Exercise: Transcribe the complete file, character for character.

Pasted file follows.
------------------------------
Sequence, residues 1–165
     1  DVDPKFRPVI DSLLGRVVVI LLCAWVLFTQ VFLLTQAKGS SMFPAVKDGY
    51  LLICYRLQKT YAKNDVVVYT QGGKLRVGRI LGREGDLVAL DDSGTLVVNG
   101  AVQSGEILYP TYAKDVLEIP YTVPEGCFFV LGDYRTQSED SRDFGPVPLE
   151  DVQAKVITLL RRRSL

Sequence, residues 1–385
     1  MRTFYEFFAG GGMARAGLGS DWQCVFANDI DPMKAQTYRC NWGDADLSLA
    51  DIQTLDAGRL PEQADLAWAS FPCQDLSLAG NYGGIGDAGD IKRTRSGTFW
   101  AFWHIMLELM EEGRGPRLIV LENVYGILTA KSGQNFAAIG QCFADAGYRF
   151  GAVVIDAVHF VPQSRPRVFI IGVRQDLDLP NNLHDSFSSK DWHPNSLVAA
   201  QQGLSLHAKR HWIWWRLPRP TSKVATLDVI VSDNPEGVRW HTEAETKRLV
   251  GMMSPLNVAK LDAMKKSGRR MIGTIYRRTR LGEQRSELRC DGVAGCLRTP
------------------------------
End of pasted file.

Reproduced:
Sequence, residues 1–165
     1  DVDPKFRPVI DSLLGRVVVI LLCAWVLFTQ VFLLTQAKGS SMFPAVKDGY
    51  LLICYRLQKT YAKNDVVVYT QGGKLRVGRI LGREGDLVAL DDSGTLVVNG
   101  AVQSGEILYP TYAKDVLEIP YTVPEGCFFV LGDYRTQSED SRDFGPVPLE
   151  DVQAKVITLL RRRSL

Sequence, residues 1–385
     1  MRTFYEFFAG GGMARAGLGS DWQCVFANDI DPMKAQTYRC NWGDADLSLA
    51  DIQTLDAGRL PEQADLAWAS FPCQDLSLAG NYGGIGDAGD IKRTRSGTFW
   101  AFWHIMLELM EEGRGPRLIV LENVYGILTA KSGQNFAAIG QCFADAGYRF
   151  GAVVIDAVHF VPQSRPRVFI IGVRQDLDLP NNLHDSFSSK DWHPNSLVAA
   201  QQGLSLHAKR HWIWWRLPRP TSKVATLDVI VSDNPEGVRW HTEAETKRLV
   251  GMMSPLNVAK LDAMKKSGRR MIGTIYRRTR LGEQRSELRC DGVAGCLRTP